After an hour or so I took a break to meditate, and during meditation an idea popped into my mind. I was upstairs when I heard her sleepy footsteps approach the steps.
Suddenly I heard a giggle, and then another and another as she came up the stairs and encountered each of my different thank yous. When she came into the kitchen she was absolutely aglow. A New Paradigm of Relationships We believe that concepts such as conscious committing and active appreciating constitute a shift in context that fundamentally alters the way in which people regard intimate relationships and contributes to how to make love last.
Prior Contexts Up until very recently, the context of intimate relationships was clouded by survival fears, rather than a desire for lasting love. Although survival is not the main priority for millions of people when they wake up each day, it still is for many others. Fears about hunger, deprivation, and other survival issues still shape the nature of relationships.
In times past, our ancestors paid less attention to psychological or spiritual fulfillment. Techniques for problem solving were essentially nonexistent. Things changed as the twentieth century gained momentum. Movies, literature, and other arts began to celebrate the transcendent possibilities of relationship—symbolized by the graceful dancing of Fred Astaire and Ginger Rogers. The Freudian revolution promised to offer tools for handling problems when missteps caused us to tread on each other painfully.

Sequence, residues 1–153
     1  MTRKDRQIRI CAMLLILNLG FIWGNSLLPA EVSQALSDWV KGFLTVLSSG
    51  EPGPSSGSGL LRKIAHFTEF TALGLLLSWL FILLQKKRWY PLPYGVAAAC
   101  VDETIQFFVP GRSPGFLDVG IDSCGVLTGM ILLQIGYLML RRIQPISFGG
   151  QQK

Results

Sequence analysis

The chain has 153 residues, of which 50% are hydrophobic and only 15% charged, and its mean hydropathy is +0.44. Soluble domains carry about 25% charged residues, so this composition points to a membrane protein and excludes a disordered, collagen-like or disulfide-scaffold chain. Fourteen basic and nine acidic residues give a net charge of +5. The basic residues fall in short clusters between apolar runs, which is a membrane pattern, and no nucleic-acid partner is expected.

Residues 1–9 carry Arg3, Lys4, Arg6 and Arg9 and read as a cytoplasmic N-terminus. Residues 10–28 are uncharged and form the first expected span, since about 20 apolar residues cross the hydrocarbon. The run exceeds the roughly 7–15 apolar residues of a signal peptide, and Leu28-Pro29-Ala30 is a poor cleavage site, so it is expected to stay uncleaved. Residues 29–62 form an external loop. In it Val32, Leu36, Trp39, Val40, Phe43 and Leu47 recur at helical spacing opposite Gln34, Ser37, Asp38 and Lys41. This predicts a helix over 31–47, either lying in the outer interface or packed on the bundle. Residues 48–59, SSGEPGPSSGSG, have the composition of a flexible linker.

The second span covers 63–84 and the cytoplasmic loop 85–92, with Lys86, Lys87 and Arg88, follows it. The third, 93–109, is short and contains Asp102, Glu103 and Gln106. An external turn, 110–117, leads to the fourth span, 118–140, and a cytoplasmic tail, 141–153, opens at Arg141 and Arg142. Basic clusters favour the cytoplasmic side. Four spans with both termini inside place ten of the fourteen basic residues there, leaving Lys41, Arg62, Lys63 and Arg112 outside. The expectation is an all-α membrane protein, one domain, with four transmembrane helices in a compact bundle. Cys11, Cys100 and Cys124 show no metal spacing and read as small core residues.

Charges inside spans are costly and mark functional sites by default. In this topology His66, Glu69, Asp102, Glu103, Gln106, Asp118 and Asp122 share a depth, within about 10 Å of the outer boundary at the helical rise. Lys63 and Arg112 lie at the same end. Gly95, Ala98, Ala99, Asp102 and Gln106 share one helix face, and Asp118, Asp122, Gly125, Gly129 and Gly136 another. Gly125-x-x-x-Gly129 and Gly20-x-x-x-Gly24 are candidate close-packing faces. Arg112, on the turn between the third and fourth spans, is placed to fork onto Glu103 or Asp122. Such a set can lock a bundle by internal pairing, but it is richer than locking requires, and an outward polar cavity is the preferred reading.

In the survival context, life is lived in waves with things like fear and hunger as the crests and periods of relief from those things as the swells. In the fulfillment context, life is lived in waves of fulfillment and the hunger for more. We believe, however, that the context is about to make an even larger shift, opening access to a new force field. This new force is electric with previously hidden potential.
We believe that relationships in the new millennium will shift toward a focus on appreciation and celebration. The focus will be on the flow of connection. The couples who come to us now want more than traditional relationship tips and problem-solving skills. As people become more sensitive to the flow of energy inside themselves and in their relationships, they are looking beyond traditional therapeutic techniques to truly create long-lasting genuine love.
They want life skills they can use to awaken and enhance the flow of connection.
A single act of skillful committing or appreciating instantly shifts the relationship into a greater sense of flow and creativity. Mother nature gives us a big dose of infatuation in order to get us together initially. Love does include sexual chemistry but it differs because it is an emotion that takes time to build.
Lust can appear in an instant; love evolves over a period of time as you get to know the other person inside and out. A relationship without love is not really a fully-faceted relationship You may be immensely sexually-attracted to your partner but that does not mean you love your partner.
Love, like fine wine, takes time to bloom A loving relationship is not built in a day. The threads of love take time to weave together to form a strong bond.
It is only as you and your partner share your thoughts, fears, dreams and hopes that love takes root. It has its own timetable that needs to be respected and not hurried.
Is there only one true love? Thankfully so, or we would never recover from our high school crush, or losing a partner to divorce or death.
The True Meaning of Love in a Relationship
Love is generous In a truly loving relationship, we give to the other without an expectation of return. Giving pleasure to our partner gives us pleasure, too. We feel what our partner feels When we see our partner happy, we feel a sense of joy as well. When we see that they are sad or depressed, we feel their blue mood, too.
Love means compromise When we love someone, we are willing to compromise in order to accommodate their needs or desires. Respect and kindness When we love, we act respectfully and kindly towards each other.
We do not intentionally hurt or denigrate our partner.